Oldenbarneveld 8 May 1815.
Dear and respected Sir!
That I did not thank you for your attention in favouring me with the Proceedings and report of the commissioners for the university in virginia, was not that I undervalued the gift—but I presumed—that a mere complimentary Letter could not be acceptable—while my manifold occupations—and since some time—my precarious state of health and dimmed eyes—compelled me—to make for a while a sacrifice of my correspondence.
I rejoice—to see by the newspapers—that your health remains good—or rather that it is reestablished—be it confirmed—be your life yet spared. is my ardent wish. since the death of my Friend Mrs Adams—I hear but seldom of Quincy—one letter lays now before me, unanswered—our friend only signed it—He continues to exert himself wonderfully—and his casual communications are allways richly instructive. was I so happy, that it was in my power—to reciprocate the manifold favours I receive—but happy am I yet—that an Adams, a Jefferson—deem me not undeserving these.
I had in Jany finished the translation of four vol: of our State Records—since that time—I have nearly accomplished a thousand pages more—what a pity—that these are so effaced—mutilated—and often nearly unintelligible hieroglyphics—but notwithstanding all this, do these writings contain invaluable treasures of historical and political knowledge—I was surprised to meet with such an early intercourse between New-Netherland and Virginia—and the Latter and the Dutch settlements on the South River (the Delaware). Several merchants—from Amsterdam were settled in Virginia—goods and merchandise were send from N. Amsterdam thither—once an armed vessel of eight guns—with a considerable cargo—unloading in Virginia—there again freighted to England—presented with a new set of English colours—and so sailing for London—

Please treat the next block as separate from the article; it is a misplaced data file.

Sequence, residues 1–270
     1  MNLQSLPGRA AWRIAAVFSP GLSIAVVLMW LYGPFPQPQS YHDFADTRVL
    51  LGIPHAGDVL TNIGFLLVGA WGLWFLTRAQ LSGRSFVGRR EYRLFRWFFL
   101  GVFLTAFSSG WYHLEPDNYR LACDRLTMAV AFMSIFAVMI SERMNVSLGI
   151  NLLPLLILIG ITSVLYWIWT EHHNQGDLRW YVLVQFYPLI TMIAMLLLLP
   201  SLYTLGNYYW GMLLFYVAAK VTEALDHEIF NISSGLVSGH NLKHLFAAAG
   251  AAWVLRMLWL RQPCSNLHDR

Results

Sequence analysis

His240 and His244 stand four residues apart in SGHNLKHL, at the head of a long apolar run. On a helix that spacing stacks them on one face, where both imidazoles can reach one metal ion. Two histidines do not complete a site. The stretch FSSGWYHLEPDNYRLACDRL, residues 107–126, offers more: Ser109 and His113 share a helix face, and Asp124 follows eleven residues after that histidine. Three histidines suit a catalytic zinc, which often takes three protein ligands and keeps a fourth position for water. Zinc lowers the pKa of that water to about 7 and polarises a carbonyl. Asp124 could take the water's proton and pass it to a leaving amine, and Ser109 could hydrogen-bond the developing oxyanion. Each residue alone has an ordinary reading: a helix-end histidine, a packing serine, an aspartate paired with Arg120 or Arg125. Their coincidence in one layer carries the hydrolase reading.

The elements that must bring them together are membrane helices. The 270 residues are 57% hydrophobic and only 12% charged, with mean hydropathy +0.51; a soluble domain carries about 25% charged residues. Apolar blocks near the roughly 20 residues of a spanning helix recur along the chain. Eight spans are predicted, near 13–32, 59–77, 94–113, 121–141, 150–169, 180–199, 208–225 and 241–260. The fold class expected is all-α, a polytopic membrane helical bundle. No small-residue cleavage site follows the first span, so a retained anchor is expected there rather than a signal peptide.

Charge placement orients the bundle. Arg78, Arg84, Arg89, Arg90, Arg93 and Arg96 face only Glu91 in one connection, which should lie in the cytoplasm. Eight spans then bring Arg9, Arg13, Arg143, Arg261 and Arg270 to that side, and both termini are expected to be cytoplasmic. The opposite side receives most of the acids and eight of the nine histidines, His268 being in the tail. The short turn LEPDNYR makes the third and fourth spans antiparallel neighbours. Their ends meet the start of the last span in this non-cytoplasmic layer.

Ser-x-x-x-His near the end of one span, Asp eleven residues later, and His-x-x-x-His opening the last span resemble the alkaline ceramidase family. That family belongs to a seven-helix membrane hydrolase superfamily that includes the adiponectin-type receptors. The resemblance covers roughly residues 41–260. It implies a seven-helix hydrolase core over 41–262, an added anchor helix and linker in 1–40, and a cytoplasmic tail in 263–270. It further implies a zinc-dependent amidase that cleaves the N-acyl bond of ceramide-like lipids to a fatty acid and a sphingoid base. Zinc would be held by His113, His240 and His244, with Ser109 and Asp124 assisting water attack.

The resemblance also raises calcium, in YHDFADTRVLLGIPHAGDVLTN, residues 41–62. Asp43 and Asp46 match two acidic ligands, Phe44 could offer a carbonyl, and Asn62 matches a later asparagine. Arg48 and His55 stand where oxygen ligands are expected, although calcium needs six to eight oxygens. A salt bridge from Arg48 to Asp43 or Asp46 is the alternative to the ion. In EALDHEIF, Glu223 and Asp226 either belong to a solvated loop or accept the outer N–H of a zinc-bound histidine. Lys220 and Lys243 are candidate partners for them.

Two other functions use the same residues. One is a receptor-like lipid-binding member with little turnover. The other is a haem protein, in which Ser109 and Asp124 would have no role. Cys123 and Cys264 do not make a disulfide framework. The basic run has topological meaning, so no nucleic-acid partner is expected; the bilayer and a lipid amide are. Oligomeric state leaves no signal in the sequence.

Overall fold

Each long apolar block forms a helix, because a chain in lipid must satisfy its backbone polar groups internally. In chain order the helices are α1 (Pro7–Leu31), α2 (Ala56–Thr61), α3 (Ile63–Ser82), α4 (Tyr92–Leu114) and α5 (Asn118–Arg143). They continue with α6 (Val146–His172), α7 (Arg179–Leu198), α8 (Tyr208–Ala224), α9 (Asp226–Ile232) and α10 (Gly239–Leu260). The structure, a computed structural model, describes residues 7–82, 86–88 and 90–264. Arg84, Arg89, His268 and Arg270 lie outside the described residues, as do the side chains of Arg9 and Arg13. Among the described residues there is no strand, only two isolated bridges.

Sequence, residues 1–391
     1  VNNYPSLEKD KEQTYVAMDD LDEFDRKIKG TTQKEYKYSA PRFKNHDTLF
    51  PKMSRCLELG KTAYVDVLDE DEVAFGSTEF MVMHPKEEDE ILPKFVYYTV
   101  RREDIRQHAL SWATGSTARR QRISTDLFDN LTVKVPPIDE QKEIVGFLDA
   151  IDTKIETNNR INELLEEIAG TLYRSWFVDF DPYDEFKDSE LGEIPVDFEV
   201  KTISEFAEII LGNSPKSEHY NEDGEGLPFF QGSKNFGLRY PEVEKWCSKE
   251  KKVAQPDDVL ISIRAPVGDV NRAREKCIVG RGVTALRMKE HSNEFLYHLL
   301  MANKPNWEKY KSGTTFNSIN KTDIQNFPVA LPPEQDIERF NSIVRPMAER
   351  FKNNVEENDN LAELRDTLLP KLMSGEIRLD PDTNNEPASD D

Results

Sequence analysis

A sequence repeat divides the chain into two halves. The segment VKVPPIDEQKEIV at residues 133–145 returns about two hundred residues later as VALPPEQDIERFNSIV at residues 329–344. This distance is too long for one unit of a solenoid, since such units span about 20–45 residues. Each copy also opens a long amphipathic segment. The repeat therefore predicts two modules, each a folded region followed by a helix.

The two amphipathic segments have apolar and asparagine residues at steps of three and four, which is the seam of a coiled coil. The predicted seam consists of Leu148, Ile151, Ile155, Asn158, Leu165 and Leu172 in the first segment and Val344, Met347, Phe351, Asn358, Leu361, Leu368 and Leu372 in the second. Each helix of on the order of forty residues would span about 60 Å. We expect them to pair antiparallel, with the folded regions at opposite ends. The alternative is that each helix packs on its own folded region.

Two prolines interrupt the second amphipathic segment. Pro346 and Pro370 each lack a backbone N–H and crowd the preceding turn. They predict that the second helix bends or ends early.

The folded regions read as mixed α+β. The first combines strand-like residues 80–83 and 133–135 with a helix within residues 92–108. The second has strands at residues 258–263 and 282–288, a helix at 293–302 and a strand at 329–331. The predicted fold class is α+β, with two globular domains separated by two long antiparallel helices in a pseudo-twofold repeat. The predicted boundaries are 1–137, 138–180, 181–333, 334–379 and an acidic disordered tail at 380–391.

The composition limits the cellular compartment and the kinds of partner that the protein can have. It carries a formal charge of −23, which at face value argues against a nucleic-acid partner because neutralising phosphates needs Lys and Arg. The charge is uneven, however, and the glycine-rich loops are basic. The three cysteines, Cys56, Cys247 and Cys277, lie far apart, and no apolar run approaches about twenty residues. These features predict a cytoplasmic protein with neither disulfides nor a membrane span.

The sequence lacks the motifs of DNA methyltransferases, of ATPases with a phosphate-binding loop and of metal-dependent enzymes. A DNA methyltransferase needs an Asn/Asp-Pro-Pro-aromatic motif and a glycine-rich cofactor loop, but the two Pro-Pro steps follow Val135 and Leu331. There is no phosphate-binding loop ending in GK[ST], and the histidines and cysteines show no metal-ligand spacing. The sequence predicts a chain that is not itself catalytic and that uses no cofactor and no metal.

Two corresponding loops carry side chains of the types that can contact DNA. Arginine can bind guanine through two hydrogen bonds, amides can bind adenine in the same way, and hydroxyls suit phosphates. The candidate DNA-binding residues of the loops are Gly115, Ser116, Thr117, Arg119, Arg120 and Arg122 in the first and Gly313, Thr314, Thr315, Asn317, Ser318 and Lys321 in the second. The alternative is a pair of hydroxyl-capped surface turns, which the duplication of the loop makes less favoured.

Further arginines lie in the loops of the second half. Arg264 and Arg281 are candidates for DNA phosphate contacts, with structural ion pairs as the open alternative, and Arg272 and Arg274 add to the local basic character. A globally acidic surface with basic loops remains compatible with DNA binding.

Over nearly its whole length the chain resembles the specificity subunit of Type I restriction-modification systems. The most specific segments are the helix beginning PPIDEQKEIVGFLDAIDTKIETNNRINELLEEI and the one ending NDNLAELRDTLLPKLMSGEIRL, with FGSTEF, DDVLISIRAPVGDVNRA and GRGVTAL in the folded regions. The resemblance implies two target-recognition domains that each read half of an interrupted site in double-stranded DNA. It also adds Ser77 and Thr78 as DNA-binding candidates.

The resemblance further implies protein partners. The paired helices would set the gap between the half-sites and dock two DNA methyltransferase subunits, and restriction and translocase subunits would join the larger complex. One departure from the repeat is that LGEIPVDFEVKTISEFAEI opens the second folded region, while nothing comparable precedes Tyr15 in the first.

What is more surprising—the largest part of this state was a Tobacco-plantation—in N. Amsterdam. two inspectors appointed—the price in the European market—sometimes Superior to the Virginia—during nearly forty years—and as soon the English had conquered it—it was annihilated—was this a jealous policy?
When I some years past communicated my rough sketch—of a desired work, you was so kind—to send me, with your criticisms your—valuable improvements, with which I enriched the sketch
Since I devoted a considerable time to researches in the middle centuries—and chiefly in Italian Literature—which I yet continue—and this seems to me a yet inexhausted mine—It seems to me, that much early than is generally thought—and much more gradually the seeds of the Reformation—and renovation of arts and literature were spread—and pricipally so in Italy—of which numerous proofs are remaining—the Secret Springs of Ecclesiastical and Political machinery lay there open for inspection—and are deserving further examination—much is attributed to the destruction of Eastern Empire—and the flight of the learned from Constantinople to Italy—and much certainly is due—but another cause seems to have been rather disregarded—The Jews were about 1040 driven by the Arabians from the east—fled to Spain—from there to Italy—Germany—and carried with them their learning to these places—and among them a faint glimmering of [. . .] knowledge. originated—But—I dare not go on—and take hold of your more precious time—I hope—you shall not be displeased with the liberty I have taken—and will permit me to assure you, that I remain with High respect and consideration—
Fr. Adr. VanderKemp
DLC: Papers of Thomas Jefferson.